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Articles Tagged Bruce A Miller

  • Thursday, October 16, 2014
    sound waves
    Bruce A. Miller 10/16/14 03:04 PM,
    This article is provided by BAMaudioschool.com.   Sound waves vibrate up and down in repeating cycles while they bounce around. Besides having positive and negative phases (when the sound is going up or going down), the cycles have physical length needed for a complete cycle back to the starting point (“wavelength”). High-frequency sounds are made from rapidly moving sound waves that can complete a cycle in a short distance, while low frequency sounds are made from slowly moving sound waves… View this story
    Filed in: RecordingFeatureBlogStudy HallEducationMeasurementMicrophoneProcessorSignalSound ReinforcementStudio

  • Wednesday, May 07, 2014
    recording
    Bruce A. Miller 05/07/14 04:59 PM,
    This article is provided by BAMaudioschool.com.   Many people say that older records “feel” better. They also complain that much of today’s music seems “sterile.” I believe a big part of this is because these days so much music is made in sequencers or by bands playing individual parts rather than together. As a result, you lose the dynamics that I feel are important in music. Live music played by a group of musicians (even if the drummer is playing… View this story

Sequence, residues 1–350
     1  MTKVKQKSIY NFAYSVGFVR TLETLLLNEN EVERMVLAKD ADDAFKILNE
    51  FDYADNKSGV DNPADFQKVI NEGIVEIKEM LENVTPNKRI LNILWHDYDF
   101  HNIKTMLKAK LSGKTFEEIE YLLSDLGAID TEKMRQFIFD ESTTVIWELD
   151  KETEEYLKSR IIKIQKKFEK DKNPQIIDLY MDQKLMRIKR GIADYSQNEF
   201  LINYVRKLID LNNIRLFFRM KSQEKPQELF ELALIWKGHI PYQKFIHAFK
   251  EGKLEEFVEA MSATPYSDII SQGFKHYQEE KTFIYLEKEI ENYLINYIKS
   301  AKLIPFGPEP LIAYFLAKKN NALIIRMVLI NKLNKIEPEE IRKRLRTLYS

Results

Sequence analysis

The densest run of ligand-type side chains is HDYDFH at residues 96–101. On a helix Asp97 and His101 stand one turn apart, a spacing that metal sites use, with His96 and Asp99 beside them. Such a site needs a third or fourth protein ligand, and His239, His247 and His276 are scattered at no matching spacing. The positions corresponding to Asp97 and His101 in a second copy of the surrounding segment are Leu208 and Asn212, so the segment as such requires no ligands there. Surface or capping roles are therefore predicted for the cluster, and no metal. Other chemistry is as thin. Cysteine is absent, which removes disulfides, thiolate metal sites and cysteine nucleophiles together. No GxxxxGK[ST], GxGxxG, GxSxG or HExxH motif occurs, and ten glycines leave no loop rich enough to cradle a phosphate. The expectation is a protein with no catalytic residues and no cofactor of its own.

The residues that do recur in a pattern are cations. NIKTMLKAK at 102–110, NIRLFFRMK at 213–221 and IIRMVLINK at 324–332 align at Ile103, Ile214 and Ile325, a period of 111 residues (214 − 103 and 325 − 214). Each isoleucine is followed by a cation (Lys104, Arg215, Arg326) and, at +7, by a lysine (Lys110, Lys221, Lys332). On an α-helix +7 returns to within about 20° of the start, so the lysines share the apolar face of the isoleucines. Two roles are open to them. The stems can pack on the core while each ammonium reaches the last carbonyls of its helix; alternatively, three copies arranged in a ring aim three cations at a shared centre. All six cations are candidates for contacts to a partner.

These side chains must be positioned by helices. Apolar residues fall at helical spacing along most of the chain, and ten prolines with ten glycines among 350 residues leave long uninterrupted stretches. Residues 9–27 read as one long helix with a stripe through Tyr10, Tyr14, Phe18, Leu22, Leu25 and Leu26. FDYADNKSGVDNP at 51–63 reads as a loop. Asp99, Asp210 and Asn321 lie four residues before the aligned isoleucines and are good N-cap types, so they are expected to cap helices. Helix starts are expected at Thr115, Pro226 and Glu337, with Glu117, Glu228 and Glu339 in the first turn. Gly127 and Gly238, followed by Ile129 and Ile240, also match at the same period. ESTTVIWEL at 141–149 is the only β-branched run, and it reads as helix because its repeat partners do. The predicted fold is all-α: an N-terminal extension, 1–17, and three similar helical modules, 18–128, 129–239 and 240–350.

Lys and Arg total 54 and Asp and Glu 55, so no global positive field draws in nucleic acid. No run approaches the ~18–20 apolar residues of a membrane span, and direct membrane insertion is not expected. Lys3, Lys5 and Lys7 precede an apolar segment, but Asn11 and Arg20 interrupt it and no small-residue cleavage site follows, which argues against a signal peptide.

Filed in: RecordingFeatureBlogStudy HallConsolesEngineerMixerProcessorStudio

  • Monday, March 10, 2014
    monitors
    Bruce A. Miller 03/10/14 04:21 PM,
    This article is provided by BAMaudioschool.com.   Simply, good monitors are very important. Video productions monitor using screens. Audio productions monitor using loudspeakers that are driven by amplifiers. Every decision made in a musical production (not only regarding sounds but also arrangements and even performances) is based on what everyone is hearing. For example, if you’re recording a bass sound and the monitors sound thin, you may mistakenly believe that the bass sound itself is thin and compensate by adding… View this story
    Filed in: RecordingFeatureBlogStudy HallAmplifierLoudspeakerMonitoringSignalStudio

  • Monday, March 03, 2014
    recording
    Bruce A. Miller 03/03/14 03:10 PM,
    This article is provided by BAMaudioschool.com.   The drums must provide the rhythmic foundation and centered and strong. The vocal has to be loud. The bass has to thump. The guitars have to wail. Or do they? Too often people mix on autopilot, processing each instrument into typical roles…without really considering what they are doing. If you ‘ve tried to understand the feeling of the song you’re mixing, you may realize that the instruments before you would best support that… View this story
    Filed in: RecordingFeatureBlogStudy HallConsolesDigitalEngineerMixerProcessorSignalStudio

  • Thursday, February 06, 2014
    recording
    Bruce A. Miller 02/06/14 11:19 AM,
    This article is provided by BAMaudioschool.com.   Signal path refers to the path that sound makes while being processed. Recording signal paths include: Sound Source > Capturing Device > Wire From Capturing Device To Console Channel Input > Channel Volume, EQ, Etc. > Channel Output To Recorder Track Mixing signal paths include: Recorder Track To Console Channel Input > Channel Processing, Volume, Pan, Etc. > Channel Output To Stereo Bus > Main Stereo Output Master Fader > Final Mix In… View this story